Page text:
Chief Financial Officer of Nord Stream 2 AG, the operator of the Nord Stream 2 natural gas pipeline, Paul Corcoran said earlier he does not expect the construction bypassing Denmark to significantly affect the timing and cost of the project, if the country rejects permission for construction of the pipeline's initial route.

"We expect to start in summer. We have started preparation works - seabed preparation works, landfall construction is underway and vessels are mobilized, so they can start laying pipes in the next weeks," he said, according to TASS.

"We have to reroute the pipeline [if the Danish government rejects permission for gas pipeline construction in its territorial waters]," CFO said, adding that "the most likely reroute is in international waters to the north of Denmark."

"Probably [there will be] no delay [in construction completion at all. It [Denmark’s section] is 10% of the route. We can start building on time and we can finish this 10% after we get a permission," he told journalists on Thursday.

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"We can still finish the project on time. Because of the five vessels that we have we have flexibility when and where we build. We can reorganize our construction schedule to allow for the Danish permit to come in a certain point in a future and finish that section. It will take only a short time to build the Danish section. The vessels lay 3-3.5 kilometers per day. So, it is not a major delay and not major costs for the project," CFO explained.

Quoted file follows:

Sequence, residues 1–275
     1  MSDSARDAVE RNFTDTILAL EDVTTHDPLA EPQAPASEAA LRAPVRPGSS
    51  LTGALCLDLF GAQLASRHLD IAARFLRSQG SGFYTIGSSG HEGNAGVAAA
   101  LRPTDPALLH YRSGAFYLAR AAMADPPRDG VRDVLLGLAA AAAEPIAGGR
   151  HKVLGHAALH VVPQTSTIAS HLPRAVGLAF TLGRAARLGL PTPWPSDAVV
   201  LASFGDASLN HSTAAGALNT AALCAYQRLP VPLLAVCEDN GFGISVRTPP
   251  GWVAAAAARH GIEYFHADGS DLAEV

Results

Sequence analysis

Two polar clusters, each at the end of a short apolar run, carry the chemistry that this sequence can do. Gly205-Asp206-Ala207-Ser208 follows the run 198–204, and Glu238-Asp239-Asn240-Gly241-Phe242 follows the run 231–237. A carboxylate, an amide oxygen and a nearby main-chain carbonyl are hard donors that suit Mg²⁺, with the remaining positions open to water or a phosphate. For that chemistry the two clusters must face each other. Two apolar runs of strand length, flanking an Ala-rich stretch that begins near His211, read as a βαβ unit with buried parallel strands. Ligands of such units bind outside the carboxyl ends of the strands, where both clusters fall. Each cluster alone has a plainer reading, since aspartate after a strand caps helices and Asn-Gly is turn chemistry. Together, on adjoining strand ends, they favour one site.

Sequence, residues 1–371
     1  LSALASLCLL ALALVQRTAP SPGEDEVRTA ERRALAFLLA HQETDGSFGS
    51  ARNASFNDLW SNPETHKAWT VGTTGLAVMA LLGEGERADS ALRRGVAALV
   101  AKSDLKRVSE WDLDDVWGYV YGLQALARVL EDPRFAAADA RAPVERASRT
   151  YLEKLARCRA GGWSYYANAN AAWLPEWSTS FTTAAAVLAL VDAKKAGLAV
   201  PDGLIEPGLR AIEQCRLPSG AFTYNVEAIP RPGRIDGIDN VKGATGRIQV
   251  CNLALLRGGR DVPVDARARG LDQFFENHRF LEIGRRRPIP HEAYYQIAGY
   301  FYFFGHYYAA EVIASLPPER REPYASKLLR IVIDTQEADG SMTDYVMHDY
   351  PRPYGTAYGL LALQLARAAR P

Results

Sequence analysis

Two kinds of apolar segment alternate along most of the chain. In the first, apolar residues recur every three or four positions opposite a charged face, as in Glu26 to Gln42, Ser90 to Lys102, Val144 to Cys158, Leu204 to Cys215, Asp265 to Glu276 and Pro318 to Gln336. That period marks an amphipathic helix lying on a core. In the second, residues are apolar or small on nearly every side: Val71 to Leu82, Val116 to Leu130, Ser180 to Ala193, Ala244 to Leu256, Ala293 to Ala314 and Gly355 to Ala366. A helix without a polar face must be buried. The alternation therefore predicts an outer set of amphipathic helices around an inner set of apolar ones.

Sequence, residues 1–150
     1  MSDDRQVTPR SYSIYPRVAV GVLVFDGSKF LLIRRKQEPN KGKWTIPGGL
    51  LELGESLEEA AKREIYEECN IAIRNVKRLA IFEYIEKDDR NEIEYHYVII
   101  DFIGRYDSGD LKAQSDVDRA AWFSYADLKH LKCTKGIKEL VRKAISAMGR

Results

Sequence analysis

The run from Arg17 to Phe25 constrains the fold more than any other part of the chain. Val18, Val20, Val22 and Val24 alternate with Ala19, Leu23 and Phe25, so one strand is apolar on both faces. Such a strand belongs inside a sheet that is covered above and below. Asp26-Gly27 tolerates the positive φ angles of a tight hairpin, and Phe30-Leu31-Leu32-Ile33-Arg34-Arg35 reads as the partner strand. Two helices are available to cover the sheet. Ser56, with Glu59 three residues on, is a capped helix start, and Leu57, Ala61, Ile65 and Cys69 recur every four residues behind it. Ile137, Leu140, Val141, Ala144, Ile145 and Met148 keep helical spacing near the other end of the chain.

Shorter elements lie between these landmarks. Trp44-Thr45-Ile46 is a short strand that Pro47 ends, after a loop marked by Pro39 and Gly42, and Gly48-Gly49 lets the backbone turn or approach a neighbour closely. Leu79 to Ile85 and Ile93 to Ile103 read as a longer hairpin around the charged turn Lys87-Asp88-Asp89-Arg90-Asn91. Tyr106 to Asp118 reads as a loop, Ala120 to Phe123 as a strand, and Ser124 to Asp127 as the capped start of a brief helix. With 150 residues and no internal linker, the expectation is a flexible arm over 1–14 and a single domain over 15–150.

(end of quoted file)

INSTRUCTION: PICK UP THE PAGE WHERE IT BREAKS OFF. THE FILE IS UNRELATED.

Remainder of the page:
Corcoran also said that the shares of the Nord Stream 2 operator had not yet been arrested on the demand of Ukraine's Naftogaz in the framework of fulfillment of the Stockholm Arbitration award, while the litigation was still underway.

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As UNIAN reported earlier, the Nord Stream 2 project is said to be laid near the already operating Nord Stream 1. The two new pipes will provide gas transit from Russia to Germany via the Baltic Sea totaling 55 billion cubic meters a year.

The construction completion of a 1,220-km long pipeline is scheduled for late 2019.

Ukraine has been fiercely opposing the project, emphasizing that it does not contribute to the diversification of gas supplies to the EU.

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In late March – early April 2018, Nord Stream 2 AG was granted the relevant construction permits from Germany and Finland.

On May 17, Peter Wagner of the Ukraine support group at the European Commission said that the EC was trying to ensure that Ukraine retain its long-term interests in gas transit in case Russia succeeds in building the Nord Stream 2.

Ukraine PM Volodymyr Groysman called Nord Stream 2 a new kind of hybrid weapon, called to put the EU in dependence of Russia, recalling that Ukraine offers the European customers a reliable energy supply route.

Earlier, Danish Prime Minister Lokke Rasmussen said that the country had all legislative instruments available to ban the pipeline's construction, but added that the issue should be resolved at the European level.